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Hyperfocal distance on a DSLR

Simonmac
Posted 25/01/2013 - 11:25 Link
Hi all

I have recently bought a number of manual lenses for my K-r.

When I used film I often used hyperfocal using the distance scale and aperture markings on the lens.

I presume this is possible with a DSLR and manual lenses if you take in to account the smaller sensor as compared to film?

Could somebody please enlighten me? Would it be as simple as configuring the HF at a smaller aperture than set on the lens?

Many thanks

Mac
www.flickr.com/photos/simac/
www.500px.com/simac
redbusa99
Posted 25/01/2013 - 11:46 - Helpful Comment Link
search "cambridge in colour" they have a tutorial on hyperfocal distance as well as calculators that you could use to download the distances for the focal lenth of your lenses at all f numbers. for ref circle of confusion for Pentax is .02
very usefull site for all things photographic , hope this helps
odd lens or 2

Flickr
MattMatic
Posted 25/01/2013 - 11:47 - Helpful Comment Link
It's worth playing about with the following Depth Of Field Calcultor
http://www.dofmaster.com/dofjs.html

It gives near, far, and hyperfocal distance for various sensors and settings!
Matt
http://www.mattmatic.co.uk
(For gallery, tips and links)
Simonmac
Posted 25/01/2013 - 11:58 Link
Great replies!
What I want to know is whether or not if, for example, I set the F stop at F4 that using F5.6 on the lens for HF would be the equivalent of F4 on a film camera?

Does that make any sense at all!!!??? Lol.

Mac
www.flickr.com/photos/simac/
www.500px.com/simac
bforbes
Posted 25/01/2013 - 12:17 Link
I thought the crop factor just applied to the focal length not the aperture. I've just got my head around hyperfocal distance using John Riley's articles https://www.pentaxuser.com/article/pentax-user-archive--through-the-eyes-of-pent...
johnriley
Posted 25/01/2013 - 12:19 - Helpful Comment Link
Page 94 of the K-5 manual tells us that the DOF difference is one aperture stop compared to a 35mm film camera.
Best regards, John
bforbes
Posted 25/01/2013 - 12:28 Link
Does that mean if you set infinity at f16 the DOF will only be between the f11 marks
Simonmac
Posted 25/01/2013 - 12:45 Link
THe other way round. If I set F8 on the camera- I would use F11 on the distance scale as the sensor is smaller than film.
bforbes wrote:
Does that mean if you set infinity at f16 the DOF will only be between the f11 marks

www.flickr.com/photos/simac/
www.500px.com/simac
Simonmac
Posted 25/01/2013 - 12:46 Link
Thanks John. THta is what I suspected. Mac
johnriley wrote:
Page 94 of the K-5 manual tells us that the DOF difference is one aperture stop compared to a 35mm film camera.

www.flickr.com/photos/simac/
www.500px.com/simac
johnriley
Posted 25/01/2013 - 13:00 - Helpful Comment Link
Rather than make comparisons though, just bear in mind that smaller formats show more DOF.

Then forget comparisons altogether and just stick to learning what the format you use can do.

There was never a published "120 format-equivalent" figure for the benefit of 35mm users. The only reason we now have "35mm-equivalent" is that digital is not just one format, but many different formats. It gives at least some reference point between cameras.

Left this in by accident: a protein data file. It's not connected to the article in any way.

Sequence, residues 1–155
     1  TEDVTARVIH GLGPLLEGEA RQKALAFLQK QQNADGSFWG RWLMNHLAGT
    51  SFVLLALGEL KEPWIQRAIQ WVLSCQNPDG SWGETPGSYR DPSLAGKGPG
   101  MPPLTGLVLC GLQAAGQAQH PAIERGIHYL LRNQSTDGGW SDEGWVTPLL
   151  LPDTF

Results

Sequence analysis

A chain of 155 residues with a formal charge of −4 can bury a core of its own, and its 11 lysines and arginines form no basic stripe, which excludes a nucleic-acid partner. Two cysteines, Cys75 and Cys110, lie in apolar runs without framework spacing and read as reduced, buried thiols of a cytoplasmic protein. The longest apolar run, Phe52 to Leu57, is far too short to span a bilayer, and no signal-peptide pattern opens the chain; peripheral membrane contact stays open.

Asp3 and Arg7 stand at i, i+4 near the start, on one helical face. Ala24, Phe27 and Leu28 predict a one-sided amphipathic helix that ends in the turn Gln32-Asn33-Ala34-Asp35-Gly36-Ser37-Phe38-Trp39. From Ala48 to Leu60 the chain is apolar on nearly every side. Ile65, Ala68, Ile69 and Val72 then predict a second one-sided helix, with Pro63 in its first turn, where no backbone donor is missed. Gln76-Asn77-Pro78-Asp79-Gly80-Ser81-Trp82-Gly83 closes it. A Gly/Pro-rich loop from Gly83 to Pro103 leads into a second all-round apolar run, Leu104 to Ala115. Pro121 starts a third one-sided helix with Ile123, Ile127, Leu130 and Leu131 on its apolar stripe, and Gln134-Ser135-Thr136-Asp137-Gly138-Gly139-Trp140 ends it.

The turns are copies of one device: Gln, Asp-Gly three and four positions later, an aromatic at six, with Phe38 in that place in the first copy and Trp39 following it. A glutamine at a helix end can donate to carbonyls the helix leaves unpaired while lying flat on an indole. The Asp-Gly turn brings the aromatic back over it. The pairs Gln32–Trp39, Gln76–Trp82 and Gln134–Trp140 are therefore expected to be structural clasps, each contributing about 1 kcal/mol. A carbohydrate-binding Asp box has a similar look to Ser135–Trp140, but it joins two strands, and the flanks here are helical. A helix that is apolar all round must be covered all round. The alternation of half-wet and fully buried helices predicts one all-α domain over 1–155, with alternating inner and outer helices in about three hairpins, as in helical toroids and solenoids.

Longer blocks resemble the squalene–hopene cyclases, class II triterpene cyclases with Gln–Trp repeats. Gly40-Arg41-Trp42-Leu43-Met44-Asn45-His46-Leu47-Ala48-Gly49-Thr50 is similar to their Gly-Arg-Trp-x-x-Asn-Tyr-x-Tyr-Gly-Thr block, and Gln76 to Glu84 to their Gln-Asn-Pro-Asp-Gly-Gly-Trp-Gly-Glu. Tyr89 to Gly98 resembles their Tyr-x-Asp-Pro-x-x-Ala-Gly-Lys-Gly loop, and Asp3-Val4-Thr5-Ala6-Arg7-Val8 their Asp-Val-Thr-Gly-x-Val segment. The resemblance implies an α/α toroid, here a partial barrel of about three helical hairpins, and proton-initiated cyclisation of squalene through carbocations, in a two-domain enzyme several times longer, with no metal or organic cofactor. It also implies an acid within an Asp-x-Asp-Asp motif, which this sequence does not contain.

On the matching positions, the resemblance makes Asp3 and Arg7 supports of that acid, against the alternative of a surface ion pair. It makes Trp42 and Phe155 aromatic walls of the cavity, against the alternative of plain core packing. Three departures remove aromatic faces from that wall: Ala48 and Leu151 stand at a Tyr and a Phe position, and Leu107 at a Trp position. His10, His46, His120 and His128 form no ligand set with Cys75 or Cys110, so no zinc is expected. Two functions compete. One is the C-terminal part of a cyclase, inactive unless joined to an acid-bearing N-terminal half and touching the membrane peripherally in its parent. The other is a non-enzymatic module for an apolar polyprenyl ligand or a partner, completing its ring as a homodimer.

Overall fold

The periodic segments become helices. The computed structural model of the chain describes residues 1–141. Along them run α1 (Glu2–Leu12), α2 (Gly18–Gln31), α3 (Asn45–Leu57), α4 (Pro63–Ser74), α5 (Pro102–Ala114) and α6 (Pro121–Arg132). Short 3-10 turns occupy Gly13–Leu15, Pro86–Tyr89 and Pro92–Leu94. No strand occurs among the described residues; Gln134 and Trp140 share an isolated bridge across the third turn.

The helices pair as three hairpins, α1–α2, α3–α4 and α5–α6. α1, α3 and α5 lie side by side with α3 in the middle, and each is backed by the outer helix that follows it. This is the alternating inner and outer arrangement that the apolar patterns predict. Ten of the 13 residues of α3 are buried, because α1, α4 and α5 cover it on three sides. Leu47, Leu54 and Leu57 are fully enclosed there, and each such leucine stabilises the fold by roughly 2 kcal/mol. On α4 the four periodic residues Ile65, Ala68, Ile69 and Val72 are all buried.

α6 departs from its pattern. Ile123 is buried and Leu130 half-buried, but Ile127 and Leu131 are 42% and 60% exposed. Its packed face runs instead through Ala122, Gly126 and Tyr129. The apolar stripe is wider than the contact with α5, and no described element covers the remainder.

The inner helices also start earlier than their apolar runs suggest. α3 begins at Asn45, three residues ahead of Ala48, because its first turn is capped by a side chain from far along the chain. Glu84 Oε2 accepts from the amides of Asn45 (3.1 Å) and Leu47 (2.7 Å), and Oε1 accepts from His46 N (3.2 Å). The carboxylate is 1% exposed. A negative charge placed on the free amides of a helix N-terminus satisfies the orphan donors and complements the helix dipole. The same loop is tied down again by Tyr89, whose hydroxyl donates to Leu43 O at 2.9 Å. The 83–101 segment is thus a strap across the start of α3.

Best regards, John
Simonmac
Posted 25/01/2013 - 13:02 Link
THank you John
johnriley wrote:
Rather than make comparisons though, just bear in mind that smaller formats show more DOF.

Then forget comparisons altogether and just stick to learning what the format you use can do.

There was never a published "120 format-equivalent" figure for the benefit of 35mm users. The only reason we now have "35mm-equivalent" is that digital is not just one format, but many different formats. It gives at least some reference point between cameras.

www.flickr.com/photos/simac/
www.500px.com/simac
petrochemist
Posted 25/01/2013 - 14:14 Link
johnriley wrote:
Rather than make comparisons though, just bear in mind that smaller formats show more DOF.

Then forget comparisons altogether and just stick to learning what the format you use can do.

There was never a published "120 format-equivalent" figure for the benefit of 35mm users. The only reason we now have "35mm-equivalent" is that digital is not just one format, but many different formats. It gives at least some reference point between cameras.

Surely '120 format' never existed either, 120 film is used in a range of different formats from 6*4.5 to 6*12 from what I've read (My own MF being a 6*9).
Mike
.
Pentax:K5ii, K7, K100D, DA18-55, DA10-17, DA55-300, DA50-200, F100-300, F50, DA35 AL, 4* M50, 2* M135, Helicoid extension, Tak 300 f4 (& 6 film bodies)
3rd Party: Bigmos (Sigma 150-500mm OS HSM),2* 28mm, 100mm macro, 28-200 zoom, 35-80 zoom, 80-200 zoom, 80-210 zoom, 300mm M42, 600 mirror, 1000-4000 scope, 50mm M42, enlarger lenses, Sony & micro 4/3 cameras with various PK mounts, Zenit E...
Far to many tele-converters, adapters, project parts & extension tubes etc.

.[size=11:].Flickr WPF Panoramio
johnriley
Posted 25/01/2013 - 14:55 Link
You're right Mike, but I was just making a point. Most 120 film cameras in living memory were 6x6cm, so we could take that as our example.
Best regards, John
pentaxian450
Posted 25/01/2013 - 16:23 Link
Remember the DOF scale is for an average enlargement of about 8 X 10. If you go for a larger size, you need to take that into account, e.g. use a smaller aperture.
Yves (another one of those crazy Canucks)

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